SLA Printer – How to properly clean resin prints
How to Properly Clean A Resin Print
Have you every tried cleaning your resin print only to find that there’s there’s still some residue? Well, in today’s article, we will address how to clean your 3D prints to get the most out of your machine. Some of these tricks will most likely not be one’s that you’ve might have heard.
Drainage holes help reduce the amount of pressure buildup when printing a hollowed out model, but can be difficult to clean out. So long as you’ve properly set up your print, these can still be cleaned easily if you know a couple of tricks. In this example, I have 2 drainage holes. This means that while one hole will release air or fluids, the second one will do the reverse, and this becomes more important as we begin cleaning the model. Before taking the print out of the cleaning liquid, I’ll shake this around a little to dislodge some of the resin prior to draining the model. I’ll orientate the model so that all the fluid can drain out, but making sure to swirl the fluid around some more. I do all of this while wearing protective goggles. To be sure that I’ve removed everything from the inside, I’ll use a fine tipped squeeze bottle to force liquid into one hole and allowing it to drain out of the other. When you’re using a new batch of cleaning solution, you’ll notice that it will eventually become clear, and this means you’ve removed the excess material.
For the really tiny prints, using a tea steeper will allow you to clean these with less risk of losing the small parts. I would suggest getting one with decently sized holes to ensure that the cleaning fluid can flow more easily within.
If you made a mistake during the setup and didn’t include enough drainage holes, you can add these later by using a hand drill. This will allow you to force fluid into the area to ensure that it’s completely clean before you begin the curing process. I use a small prying tool to unclog the hole, but you can easily use a toothpick as well. When uncured resin stays trapped, it can cause the model to split and crack, therefore it’s worth investing a small amount of time in ensuring that all trapped resin is removed. I normally have a wide variety of these drill bits handy, since they can often be a lifesaver when working on last minute projects. This is where previewing your model will help keep these issues from arising, since it can show you where a portion of the model can fail.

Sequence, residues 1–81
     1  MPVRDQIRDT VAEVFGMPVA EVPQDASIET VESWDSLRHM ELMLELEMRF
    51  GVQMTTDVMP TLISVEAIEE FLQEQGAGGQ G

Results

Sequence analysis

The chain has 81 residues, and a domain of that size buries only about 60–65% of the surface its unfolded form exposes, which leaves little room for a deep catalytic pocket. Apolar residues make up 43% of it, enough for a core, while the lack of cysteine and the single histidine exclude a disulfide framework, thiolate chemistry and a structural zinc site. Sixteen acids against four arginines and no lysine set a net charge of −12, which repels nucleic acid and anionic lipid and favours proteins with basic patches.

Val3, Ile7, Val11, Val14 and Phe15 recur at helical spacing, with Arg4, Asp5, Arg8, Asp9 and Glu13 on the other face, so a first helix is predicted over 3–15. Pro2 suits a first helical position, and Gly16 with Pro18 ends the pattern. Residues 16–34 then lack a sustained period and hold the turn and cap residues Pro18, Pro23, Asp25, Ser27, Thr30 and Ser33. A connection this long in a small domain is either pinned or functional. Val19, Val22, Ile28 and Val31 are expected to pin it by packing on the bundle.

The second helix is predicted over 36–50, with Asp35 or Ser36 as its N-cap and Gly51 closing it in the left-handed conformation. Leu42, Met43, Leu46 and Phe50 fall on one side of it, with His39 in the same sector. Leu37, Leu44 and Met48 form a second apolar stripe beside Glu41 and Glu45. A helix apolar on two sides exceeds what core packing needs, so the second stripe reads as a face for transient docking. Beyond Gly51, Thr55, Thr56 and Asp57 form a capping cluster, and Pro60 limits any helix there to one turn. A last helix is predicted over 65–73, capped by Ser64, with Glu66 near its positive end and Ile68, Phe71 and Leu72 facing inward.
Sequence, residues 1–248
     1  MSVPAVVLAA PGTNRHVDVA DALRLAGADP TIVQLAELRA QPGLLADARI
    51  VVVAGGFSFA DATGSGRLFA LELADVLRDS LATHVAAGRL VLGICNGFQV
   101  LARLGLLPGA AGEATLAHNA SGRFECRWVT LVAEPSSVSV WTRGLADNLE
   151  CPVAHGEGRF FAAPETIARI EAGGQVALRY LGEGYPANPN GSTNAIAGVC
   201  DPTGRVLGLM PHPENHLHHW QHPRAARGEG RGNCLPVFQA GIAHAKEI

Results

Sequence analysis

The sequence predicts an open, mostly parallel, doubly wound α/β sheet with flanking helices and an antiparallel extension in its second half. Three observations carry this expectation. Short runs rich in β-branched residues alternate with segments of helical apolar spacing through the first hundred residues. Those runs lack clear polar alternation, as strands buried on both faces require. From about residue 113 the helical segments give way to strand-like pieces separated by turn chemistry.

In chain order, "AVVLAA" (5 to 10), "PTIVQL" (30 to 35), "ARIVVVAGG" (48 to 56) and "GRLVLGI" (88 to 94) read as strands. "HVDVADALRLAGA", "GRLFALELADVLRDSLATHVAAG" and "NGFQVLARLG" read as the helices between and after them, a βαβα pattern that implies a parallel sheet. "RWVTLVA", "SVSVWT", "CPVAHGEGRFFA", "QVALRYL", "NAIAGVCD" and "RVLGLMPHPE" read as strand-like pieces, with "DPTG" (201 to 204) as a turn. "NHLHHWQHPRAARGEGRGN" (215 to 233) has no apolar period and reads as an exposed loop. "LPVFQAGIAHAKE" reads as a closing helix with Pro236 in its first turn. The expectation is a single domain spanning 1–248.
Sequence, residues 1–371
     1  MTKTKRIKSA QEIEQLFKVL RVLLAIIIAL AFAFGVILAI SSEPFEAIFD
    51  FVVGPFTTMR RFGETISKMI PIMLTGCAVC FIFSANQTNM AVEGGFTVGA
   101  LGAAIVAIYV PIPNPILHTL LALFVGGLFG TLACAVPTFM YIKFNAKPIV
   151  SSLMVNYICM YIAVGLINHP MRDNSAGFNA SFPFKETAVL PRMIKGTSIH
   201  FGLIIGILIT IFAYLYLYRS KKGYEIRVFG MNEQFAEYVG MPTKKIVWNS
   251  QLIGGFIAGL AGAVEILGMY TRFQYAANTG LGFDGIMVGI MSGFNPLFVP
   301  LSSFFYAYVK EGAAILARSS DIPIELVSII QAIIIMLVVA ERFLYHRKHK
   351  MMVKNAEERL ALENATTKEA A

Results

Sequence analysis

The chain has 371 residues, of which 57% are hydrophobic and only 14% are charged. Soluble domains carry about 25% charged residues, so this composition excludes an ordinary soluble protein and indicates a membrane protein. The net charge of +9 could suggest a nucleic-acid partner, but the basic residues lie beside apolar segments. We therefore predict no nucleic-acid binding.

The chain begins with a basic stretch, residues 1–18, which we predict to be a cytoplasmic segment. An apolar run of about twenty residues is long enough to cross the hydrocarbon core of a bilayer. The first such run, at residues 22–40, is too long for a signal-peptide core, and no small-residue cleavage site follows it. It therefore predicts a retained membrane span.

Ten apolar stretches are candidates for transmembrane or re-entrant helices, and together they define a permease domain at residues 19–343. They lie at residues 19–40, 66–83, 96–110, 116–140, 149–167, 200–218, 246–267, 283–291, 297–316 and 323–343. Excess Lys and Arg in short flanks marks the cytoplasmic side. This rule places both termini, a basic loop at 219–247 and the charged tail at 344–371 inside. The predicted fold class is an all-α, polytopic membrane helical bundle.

How Many Cleaning Stations
I highly recommend you have two cleaning containers since this helps prevent any leftover residue. One container or cleaning station can be used to remove the majority of the resin, while the secondary one will remove the remainder. You’ll also find that you shouldn’t need to replace the cleaning solution for the secondary material as often as a result.
Re-use Some Garbage
As I scrub my model I often use a rag that I’ve salvaged from an old T-Shirt and I have found it to be the best in removing residual material. For the tighter regions, I often use the tip of a silicone basting brush because this can easily scrub the tight areas without damaging the surface. Just make sure to label this so that you don’t accidentally use it for anything else.
Softening Supports For Removal
While some people will use warm water to soften their models, in most cases you don’t actually have to do this. Instead, simply allowing the model to soak in isopropyl alcohol for about 1 hour will often have a similar effect. Another method is to use a hair dryer to gently heat the supports, so they become softer as well. Another benefit of using the hair dryer is that you can quickly tell which area still need cleaning by drying it off and looking for any shiny areas.
Now that you have a properly cleaned print, you’re probably wondering how to actually remove the supports from your prints. Well this video I’ll help you do just that, so make sure to watch that one next.
- Protective Goggles
- Basting Brush (label + only use for this purpose)
- Fine Tipped Squeeze bottle
- Prying tool
- Hand drill + bits
- 2 Cleaning containers
- Hair Dryer
Yasmeen completed both the 2D and 3D animation course at Algonquin College and worked in the animation industry as a freelancer for a number of years before being hired to manage the 3D printing services at ItsYeBoi. While using the Alias of "Jenny" during her services, she was responsible for the testing, maintenance and upgrading of the machine while also filming and developing 3D printable assets for various projects.